Each passage contains about 400 - 700 words and only a few questions, ensuring that you will NOT be tested on most of the specific details. Your best reading strategy is to identify the places from which questions will most likely be drawn and concentrate your attention there.
Key, pivotal words indicate contrast, warning that the author is about to either make a U-turn or introduce a counter-premise (a concession to a minor point that weakens his case). Common pivotal words include:
But Although In Contrast Even though
However Yet Nonetheless Except
These words show where the author changes direction, providing natural places for questions to be drawn. The test writers form questions at these junctures to test whether you followed the author's line of reasoning or got lost. Sentences containing pivotal words nearly ALWAYS contain the answer to a test question.
Handling Incorrect Answer Choices
One of the most difficult tasks in writing test questions is composing tempting, incorrect answer choices. In most cases, only two of the five choices will have any real merit. We've observed several common threads in the wrong answer choices that most test takers should consider. Be on the look-out for the following:
a) For main idea questions, incorrect choices use the wrong verb and focus on supporting details, rather than the main point of the passage. Incorrect choices also tend to either overstate or understate the author's view. Beware of extreme choices, as they are often wrong. Correct answers tend to be rational, measured responses. Other tempting incorrect answer choice are "half-right, half-wrong", incorporating some of the author's view, but not a complete match. Other wrong answers pick a point of view that is inconcistent with the author's.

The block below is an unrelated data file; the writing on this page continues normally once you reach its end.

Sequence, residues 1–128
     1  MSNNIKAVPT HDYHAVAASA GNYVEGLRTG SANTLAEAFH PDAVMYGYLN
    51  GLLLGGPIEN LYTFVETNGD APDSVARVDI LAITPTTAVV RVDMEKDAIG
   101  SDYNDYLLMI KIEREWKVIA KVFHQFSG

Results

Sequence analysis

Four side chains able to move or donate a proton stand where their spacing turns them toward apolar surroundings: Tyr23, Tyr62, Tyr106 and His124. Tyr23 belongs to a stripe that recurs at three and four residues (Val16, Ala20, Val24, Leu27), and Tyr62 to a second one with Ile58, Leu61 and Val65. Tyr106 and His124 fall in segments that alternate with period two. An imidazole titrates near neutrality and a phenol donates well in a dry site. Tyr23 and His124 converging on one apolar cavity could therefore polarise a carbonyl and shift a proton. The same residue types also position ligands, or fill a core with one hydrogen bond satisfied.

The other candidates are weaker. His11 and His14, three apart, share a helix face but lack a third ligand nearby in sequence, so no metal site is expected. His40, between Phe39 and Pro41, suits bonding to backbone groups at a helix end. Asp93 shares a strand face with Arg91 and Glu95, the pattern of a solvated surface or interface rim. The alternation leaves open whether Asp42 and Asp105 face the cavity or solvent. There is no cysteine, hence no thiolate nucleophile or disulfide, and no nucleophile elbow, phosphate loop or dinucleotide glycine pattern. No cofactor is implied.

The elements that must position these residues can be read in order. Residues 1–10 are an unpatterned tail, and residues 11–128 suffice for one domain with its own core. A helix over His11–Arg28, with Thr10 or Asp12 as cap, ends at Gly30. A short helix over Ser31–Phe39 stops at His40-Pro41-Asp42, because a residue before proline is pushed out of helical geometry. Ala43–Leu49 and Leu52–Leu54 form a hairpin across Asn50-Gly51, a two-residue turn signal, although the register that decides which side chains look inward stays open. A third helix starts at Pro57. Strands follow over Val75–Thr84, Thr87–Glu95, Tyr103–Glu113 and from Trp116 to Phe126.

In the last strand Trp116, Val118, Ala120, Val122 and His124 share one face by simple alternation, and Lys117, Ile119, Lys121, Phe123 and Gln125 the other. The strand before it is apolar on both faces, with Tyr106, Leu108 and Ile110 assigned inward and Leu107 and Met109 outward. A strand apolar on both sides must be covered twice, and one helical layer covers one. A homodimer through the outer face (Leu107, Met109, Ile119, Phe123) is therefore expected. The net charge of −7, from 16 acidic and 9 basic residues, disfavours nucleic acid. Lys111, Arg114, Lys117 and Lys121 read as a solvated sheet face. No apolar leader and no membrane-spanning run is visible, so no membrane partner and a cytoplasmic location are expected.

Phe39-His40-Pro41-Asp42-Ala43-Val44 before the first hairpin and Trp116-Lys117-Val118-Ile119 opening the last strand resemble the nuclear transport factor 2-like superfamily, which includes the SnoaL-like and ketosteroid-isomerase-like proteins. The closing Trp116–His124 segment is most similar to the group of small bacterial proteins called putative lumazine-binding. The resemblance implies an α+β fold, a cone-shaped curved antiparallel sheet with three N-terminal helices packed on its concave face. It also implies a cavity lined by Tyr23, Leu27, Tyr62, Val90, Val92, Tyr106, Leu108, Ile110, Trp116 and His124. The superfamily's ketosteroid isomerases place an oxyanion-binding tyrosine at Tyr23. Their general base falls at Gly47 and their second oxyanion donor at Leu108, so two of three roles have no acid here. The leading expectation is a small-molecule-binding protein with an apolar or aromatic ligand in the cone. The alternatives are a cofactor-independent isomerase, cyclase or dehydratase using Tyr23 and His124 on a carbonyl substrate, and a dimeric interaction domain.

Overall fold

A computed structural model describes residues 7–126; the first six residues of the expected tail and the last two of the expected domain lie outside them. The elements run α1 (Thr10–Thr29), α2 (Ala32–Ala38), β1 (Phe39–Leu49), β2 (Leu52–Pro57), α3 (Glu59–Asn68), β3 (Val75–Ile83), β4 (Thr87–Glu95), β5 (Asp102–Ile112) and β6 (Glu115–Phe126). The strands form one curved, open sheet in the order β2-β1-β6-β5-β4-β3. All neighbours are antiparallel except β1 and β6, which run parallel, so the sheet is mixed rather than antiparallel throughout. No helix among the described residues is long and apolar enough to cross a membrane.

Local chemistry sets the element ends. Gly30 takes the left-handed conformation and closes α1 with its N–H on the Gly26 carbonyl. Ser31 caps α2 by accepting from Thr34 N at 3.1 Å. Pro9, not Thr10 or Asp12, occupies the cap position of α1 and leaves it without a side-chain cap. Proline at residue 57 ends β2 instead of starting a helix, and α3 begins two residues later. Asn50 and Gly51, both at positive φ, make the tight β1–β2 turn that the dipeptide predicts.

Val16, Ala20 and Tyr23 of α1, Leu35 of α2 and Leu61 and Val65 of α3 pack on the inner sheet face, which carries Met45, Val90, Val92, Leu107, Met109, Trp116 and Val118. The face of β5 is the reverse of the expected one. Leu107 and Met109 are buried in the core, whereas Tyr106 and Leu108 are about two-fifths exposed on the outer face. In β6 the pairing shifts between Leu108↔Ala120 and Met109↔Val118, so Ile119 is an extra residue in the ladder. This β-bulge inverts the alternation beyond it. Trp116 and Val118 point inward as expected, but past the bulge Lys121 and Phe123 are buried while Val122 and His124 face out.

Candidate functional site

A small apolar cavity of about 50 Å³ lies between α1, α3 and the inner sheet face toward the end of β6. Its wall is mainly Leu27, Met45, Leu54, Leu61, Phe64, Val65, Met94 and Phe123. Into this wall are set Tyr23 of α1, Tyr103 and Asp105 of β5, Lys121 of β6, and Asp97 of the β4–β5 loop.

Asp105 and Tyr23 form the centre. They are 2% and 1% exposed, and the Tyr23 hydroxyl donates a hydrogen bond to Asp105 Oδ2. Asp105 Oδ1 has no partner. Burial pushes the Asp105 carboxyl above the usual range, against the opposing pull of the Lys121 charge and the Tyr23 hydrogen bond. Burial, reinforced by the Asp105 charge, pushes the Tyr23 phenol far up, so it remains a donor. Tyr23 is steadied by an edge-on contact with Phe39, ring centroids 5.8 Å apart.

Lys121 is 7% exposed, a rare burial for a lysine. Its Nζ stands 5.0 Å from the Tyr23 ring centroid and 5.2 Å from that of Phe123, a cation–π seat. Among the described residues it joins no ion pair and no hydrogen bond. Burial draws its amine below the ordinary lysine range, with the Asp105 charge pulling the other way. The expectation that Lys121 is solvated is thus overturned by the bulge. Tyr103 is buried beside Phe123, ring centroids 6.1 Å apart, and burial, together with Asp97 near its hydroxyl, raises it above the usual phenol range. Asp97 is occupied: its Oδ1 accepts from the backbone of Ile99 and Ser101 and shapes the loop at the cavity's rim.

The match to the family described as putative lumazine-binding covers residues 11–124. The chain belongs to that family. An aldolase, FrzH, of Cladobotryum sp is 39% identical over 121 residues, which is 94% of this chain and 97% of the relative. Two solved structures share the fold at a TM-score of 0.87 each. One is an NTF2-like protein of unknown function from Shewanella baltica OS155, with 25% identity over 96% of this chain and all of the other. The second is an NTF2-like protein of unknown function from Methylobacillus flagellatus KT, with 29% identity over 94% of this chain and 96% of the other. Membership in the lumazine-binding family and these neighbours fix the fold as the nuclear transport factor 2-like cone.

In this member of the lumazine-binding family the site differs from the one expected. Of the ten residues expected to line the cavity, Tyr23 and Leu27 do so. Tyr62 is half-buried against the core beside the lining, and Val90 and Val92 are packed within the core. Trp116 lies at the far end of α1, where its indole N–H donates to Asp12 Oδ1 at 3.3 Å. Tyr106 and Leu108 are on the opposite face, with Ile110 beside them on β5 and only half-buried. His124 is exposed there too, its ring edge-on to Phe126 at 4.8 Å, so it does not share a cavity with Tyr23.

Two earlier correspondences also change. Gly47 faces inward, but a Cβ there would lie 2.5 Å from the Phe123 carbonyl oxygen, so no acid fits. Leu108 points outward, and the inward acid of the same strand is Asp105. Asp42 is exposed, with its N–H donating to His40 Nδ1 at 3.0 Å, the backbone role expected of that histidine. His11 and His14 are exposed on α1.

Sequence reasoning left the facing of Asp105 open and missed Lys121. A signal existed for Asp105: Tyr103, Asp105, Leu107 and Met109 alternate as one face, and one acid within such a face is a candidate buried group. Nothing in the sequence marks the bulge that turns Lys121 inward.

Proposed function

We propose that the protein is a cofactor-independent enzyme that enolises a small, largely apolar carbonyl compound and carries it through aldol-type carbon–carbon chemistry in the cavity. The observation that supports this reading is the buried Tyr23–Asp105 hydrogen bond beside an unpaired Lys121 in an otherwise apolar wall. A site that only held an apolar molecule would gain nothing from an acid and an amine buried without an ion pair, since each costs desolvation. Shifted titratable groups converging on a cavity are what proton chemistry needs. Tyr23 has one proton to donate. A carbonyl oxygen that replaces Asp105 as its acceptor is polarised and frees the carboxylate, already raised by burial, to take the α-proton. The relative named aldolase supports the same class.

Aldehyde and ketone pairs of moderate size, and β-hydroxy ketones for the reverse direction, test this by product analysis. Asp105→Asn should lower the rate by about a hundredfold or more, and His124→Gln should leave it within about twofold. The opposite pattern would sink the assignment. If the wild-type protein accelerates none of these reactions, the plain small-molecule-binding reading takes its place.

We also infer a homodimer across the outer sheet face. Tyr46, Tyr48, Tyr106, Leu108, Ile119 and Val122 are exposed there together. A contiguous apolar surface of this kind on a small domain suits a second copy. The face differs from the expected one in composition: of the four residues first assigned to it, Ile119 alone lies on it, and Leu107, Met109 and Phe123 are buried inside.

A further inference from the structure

b) On detail questions, incorrect answer choices distort the author's words or are exact opposites of the correct answer.
c) For inference questions, incorrect choices distort the passage's ideas and go beyond the scope of the passage. For application questions, wrong choices are not parallel or analagous to the situation in the passage.
d) Incorrect tone answers are overly emotional or the opposite of the correct answer. Some incorrect answers are odd combinations of adjectives that make no sense in real world applications, such as "detached ambivalence", "enlightened apathy", and "muffled denial".
e) Sometimes incorrect answers are logically wrong. They misrepresent the author's purpose or focus on the "what" rather than the "why" of the detail.
f) Watch for unusual or uncommon usage of words. Students sometimes overlook points in passages because a familiar word is used in an unfamiliar manner. An example is champion. As a noun, champion means a hero or accomplished person. Yet, a a verb, champion means to support or advocate.
g) Be wary of extreme answers that contain "all or nothing" buzzwords such as must, always, impossible, never, cannot, each, every, totally, all, solely and only. Few passages will be written in such an absolute tone.